Some will find Scott’s attitude defeatist, yet essential point is that we need to accept (a) that America is an extremely affluent country, (b) that middle-income households are quite well off by historical standards, and (c) that the narrative of an immiserated middle class undermines the political case for addressing the economic and social needs of the poorest U.S. households. That is, if we argue that middle-income households are the victims of a broken economy rather than the heirs of an extraordinary historical run of growth, it is easier to argue that it is absolutely unacceptable to raise taxes on households earning, say, $150K or even $350K to finance more extensive and expensive social programs, or a WPA-style jobs program or work subsidies, for those at the bottom of the economic ladder. 

This, interestingly, is in a sense the reverse of Ramesh Ponnuru’s smart argument that if our goal is to “starve the beast,” i.e., to restrain spending growth, our best bet is to restrain tax increases on middle-income households, as middle-income households are where the resources for a robust expansion of social transfers can be found. 

All of this is to say that while the basics of Scott’s argument strike me as totally correct — neglecting annual absolute gains in income gives us an ahistorical, highly misleading picture of American prosperity — its political implication is deeply unattractive to the right and the left, as it implies that a large set of Americans (the middle class as well as top earners) ought to make greater sacrifices to ameliorate the phenomenon of stickiness at the bottom, i.e., the relative lack of absolute upward mobility from those born into the poorest income quintile:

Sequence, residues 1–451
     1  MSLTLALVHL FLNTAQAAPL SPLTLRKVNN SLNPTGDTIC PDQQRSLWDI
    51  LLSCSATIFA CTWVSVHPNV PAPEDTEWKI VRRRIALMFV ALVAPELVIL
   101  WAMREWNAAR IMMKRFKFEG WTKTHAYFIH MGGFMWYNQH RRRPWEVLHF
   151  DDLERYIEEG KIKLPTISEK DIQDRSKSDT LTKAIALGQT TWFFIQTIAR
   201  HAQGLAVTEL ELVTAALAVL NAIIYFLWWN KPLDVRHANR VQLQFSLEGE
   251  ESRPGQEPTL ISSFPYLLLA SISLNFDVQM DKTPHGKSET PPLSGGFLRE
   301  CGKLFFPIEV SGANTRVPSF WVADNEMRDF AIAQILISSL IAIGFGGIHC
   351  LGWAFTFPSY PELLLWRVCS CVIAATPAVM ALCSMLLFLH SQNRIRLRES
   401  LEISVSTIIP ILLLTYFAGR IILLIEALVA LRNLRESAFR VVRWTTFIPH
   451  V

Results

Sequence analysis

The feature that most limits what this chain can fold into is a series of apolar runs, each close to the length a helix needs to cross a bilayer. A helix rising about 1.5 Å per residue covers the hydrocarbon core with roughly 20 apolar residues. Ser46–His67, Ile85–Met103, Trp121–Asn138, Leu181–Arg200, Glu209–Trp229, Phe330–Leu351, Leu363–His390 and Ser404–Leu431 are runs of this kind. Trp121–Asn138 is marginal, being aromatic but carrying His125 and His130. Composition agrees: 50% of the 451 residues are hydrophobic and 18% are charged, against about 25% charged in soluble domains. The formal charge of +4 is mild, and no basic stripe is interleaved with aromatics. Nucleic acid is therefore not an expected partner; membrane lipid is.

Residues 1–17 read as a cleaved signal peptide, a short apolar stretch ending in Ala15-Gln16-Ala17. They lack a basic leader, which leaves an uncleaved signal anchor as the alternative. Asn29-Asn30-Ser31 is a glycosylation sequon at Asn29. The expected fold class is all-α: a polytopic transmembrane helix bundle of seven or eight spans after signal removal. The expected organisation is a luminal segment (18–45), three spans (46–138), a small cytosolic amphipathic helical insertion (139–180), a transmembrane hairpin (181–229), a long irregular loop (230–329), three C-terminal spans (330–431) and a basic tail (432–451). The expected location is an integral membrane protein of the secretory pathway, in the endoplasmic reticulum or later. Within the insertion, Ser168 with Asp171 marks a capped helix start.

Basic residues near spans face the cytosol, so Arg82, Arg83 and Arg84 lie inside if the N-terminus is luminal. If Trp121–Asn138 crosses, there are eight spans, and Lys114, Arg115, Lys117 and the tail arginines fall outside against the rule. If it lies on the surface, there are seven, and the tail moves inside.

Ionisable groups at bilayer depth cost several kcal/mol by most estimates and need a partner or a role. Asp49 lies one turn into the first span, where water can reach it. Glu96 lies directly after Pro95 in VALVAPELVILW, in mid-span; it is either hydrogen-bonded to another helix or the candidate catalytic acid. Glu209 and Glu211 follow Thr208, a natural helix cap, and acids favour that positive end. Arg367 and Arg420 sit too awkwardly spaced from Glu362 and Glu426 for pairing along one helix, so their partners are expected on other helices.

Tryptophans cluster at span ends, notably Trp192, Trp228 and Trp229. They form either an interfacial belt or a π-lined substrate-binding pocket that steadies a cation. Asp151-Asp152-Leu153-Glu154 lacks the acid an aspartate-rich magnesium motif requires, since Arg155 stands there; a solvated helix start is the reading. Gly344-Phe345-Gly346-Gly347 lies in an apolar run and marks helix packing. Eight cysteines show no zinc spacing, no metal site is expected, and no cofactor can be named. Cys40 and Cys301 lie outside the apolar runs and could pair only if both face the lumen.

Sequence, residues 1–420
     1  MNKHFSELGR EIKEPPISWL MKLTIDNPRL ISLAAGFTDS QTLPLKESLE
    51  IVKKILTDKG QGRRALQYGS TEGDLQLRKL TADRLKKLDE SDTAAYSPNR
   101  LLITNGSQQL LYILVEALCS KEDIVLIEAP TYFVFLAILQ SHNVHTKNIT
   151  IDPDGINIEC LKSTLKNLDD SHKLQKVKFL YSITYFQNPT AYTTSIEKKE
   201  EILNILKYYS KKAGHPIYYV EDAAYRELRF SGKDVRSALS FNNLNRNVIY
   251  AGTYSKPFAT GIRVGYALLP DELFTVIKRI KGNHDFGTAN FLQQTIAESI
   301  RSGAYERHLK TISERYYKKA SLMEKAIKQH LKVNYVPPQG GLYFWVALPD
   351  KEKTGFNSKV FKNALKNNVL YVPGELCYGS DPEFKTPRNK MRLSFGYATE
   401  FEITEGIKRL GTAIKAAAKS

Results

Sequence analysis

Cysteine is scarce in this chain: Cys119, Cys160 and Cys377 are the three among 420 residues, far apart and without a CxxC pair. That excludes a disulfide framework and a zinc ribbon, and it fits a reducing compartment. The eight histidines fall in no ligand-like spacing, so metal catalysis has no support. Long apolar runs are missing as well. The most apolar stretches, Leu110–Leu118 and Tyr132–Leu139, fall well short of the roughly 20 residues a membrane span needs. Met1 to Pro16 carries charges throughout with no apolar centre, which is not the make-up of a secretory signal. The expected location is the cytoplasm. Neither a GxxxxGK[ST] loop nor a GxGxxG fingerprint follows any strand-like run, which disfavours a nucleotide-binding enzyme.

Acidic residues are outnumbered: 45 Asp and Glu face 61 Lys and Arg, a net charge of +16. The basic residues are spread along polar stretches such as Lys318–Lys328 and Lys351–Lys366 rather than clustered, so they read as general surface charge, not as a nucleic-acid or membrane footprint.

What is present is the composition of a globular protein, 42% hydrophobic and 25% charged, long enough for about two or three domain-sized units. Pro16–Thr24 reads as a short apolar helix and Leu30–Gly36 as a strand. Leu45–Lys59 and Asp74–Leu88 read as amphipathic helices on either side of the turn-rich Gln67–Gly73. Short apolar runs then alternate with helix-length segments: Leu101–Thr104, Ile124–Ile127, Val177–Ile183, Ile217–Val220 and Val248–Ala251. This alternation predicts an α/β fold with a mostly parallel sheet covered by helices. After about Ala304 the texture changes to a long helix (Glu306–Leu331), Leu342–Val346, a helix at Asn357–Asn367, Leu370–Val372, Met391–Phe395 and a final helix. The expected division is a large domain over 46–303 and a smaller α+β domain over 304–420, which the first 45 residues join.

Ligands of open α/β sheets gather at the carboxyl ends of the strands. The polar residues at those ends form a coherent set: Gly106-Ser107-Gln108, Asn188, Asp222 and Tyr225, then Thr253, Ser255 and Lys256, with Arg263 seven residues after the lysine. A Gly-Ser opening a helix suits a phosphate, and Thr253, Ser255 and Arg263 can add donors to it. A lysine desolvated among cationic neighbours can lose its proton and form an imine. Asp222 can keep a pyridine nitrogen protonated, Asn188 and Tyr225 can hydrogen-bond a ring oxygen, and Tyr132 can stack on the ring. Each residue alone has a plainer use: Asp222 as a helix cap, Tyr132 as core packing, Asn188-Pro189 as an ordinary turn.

Politics is about prioritizing. The more time, energy, and dollars we spend on the overstated economic problems of the middle class, the less we can devote to the poor. The poor are certainly better off than in past decades, but one in five American household heads still reported that sometime in 2010 they worried about whether their food budget would fall short before the month ended. Only 13 percent of children starting in the bottom fifth will end up in the top two-fifths in adulthood (compared with 63 percent of children who start out in the top two-fifths).